When it comes to marriage, our users told us that they see it “as a sign of loyalty and devoting your time and love to one person” and that they would want to have financial independence first. The prioritization of financial independence could be a result of Gen Z’s rejection of traditional gender roles. According to Messei, ​​”where back in the day it was more the woman doing the chores and looking after a kid… in today’s society, it’s normal for a man to do the same”. Denying traditional gender roles makes marriage less of a financial proposition than it once was, and makes individual financial independence a bigger priority as a result. 


Work and sex: what is the most important for Gen Z? 


To put it simply, both. Gen Z is fighting back against stigmas around sex, especially for women, that existed in previous generations. So when it comes to a trade-off between work and sex, its all about balance and empowerment. 


The difficulty for Gen Z to identify a Wokefisher


Another modern phenomenon influencing Gen Z relationships is Wokefishers. A Wokefisher is someone who asks the person they like vague questions about a social cause, in order to pretend that they feel the same way. In a generation as politically active as Gen Z, woke fishing leads to people getting into relationships under false pretenses. Moreover, many of our users said that “in many social causes, the issue is so deeply rooted in how I see the world that it can be hard to be with someone who doesn’t understand or believe in it” Our users said that they want a relationship with someone who they see eye to eye with, or at least have an honest conversation with about political views, and Wokefishing makes this impossible.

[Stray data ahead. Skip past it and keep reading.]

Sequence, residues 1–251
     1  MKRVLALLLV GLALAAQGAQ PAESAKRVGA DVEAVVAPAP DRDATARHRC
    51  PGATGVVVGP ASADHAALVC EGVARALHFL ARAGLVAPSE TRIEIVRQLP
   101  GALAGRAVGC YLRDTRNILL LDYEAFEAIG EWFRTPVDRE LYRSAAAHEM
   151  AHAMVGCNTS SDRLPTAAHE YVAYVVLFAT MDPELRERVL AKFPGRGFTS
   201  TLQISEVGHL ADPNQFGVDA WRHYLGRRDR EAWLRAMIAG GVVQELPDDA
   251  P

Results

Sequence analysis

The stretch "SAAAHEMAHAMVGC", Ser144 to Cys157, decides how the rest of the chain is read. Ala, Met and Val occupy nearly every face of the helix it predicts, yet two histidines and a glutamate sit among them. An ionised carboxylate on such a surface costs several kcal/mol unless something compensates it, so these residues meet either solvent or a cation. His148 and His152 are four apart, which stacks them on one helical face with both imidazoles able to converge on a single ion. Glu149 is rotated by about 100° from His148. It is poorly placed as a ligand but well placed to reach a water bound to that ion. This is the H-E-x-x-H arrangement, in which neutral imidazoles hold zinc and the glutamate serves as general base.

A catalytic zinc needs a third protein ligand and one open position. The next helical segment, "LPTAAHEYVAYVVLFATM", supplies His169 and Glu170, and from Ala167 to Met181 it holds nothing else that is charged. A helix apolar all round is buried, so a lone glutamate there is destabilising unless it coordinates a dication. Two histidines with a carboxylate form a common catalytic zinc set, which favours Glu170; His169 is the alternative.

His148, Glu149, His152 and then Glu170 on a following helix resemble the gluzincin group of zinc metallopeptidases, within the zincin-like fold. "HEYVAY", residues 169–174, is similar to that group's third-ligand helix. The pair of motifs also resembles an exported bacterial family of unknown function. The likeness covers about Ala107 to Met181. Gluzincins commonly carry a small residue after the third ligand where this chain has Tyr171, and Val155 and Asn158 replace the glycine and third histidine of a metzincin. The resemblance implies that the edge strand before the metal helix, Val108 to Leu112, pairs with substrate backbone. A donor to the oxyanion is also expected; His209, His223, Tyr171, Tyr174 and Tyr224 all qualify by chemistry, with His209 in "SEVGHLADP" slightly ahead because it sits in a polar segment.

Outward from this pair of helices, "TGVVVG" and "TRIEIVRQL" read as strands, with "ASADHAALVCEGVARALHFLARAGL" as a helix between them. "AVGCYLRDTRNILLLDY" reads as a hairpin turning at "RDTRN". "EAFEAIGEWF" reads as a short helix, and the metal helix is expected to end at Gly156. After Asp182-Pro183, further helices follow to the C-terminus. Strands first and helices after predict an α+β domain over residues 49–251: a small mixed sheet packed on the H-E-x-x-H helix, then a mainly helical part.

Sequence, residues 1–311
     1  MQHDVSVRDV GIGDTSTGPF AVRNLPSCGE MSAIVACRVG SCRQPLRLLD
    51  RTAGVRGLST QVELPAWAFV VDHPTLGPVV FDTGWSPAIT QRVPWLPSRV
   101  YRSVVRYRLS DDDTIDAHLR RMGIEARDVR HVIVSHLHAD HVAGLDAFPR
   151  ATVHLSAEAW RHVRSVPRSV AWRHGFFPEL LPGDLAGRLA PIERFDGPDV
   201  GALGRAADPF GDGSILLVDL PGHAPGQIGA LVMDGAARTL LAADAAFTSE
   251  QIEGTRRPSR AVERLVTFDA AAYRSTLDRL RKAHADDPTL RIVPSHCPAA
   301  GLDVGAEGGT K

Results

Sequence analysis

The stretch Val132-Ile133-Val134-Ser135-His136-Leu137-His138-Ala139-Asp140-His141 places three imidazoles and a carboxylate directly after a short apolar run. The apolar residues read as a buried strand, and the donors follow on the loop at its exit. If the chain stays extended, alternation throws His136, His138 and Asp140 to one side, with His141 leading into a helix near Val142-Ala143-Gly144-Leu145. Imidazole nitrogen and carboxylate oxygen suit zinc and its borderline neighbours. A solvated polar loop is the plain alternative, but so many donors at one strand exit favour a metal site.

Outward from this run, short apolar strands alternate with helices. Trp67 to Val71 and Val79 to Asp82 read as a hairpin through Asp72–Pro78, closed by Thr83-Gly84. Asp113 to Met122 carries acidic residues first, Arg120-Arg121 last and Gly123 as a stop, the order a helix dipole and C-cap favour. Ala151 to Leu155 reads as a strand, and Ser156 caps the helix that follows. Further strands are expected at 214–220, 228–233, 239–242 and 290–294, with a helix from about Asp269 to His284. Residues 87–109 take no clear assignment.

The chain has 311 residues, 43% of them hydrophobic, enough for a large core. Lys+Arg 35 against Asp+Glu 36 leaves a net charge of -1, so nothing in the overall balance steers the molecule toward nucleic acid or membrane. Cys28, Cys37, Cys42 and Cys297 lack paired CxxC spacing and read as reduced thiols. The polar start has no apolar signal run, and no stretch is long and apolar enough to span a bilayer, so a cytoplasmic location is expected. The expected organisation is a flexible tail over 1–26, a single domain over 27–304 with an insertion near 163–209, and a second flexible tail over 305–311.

The topic of ghosting for Gen Z 


So many relationships are starting on the internet, and even more are ending there as well, in the unsatisfying silence known as “ghosting”. Ghosting is when someone cuts off all digital communication with a person without an explanation. Ghosting is the equivalent of breaking up, and the lack of closure often makes it even more painful. 

Our users told us that ghosting is so prevalent because of another development in Gen Z relationships: the talking stage. The talking phase is amorphous, but an unavoidable step to starting a relationship where there are no set rules except that it isn’t an “official relationship”. The vagueness of the talking stage often leads to misunderstandings, and because it isn’t “official”, it often ends in ghosting. 


Gen Z and commitment: better make it official 


Which brings us to another pressure unique to Gen Z – the pressure to become “official”. A relationship is official when it graduates from the talking phase and enters the phase of the relationship where it is not socially acceptable to break up by ghosting. This pressure is compounded by the constant bombardment on social media of relationships that are shown off and glamorized. Trends and hashtags like couple goals and cuffing season on social media stigmatize being alone and push people in Gen Z to feel like they need to be in an official relationship.


Does Gen Z believe in “The One”? 


Nope, not in this global generation. Thanks to the power of technology, Gen Z knows that there are too many people to connect with for there to only be one person that could make them happy. That being said, Gen Z believes in relationships, and finding someone worthy of treating with all the love and loyalty that traditionally comes along with finding “The One”. What’s changed isn’t the belief that they CAN love one person forever, but that there is ONLY one person that they can love forever.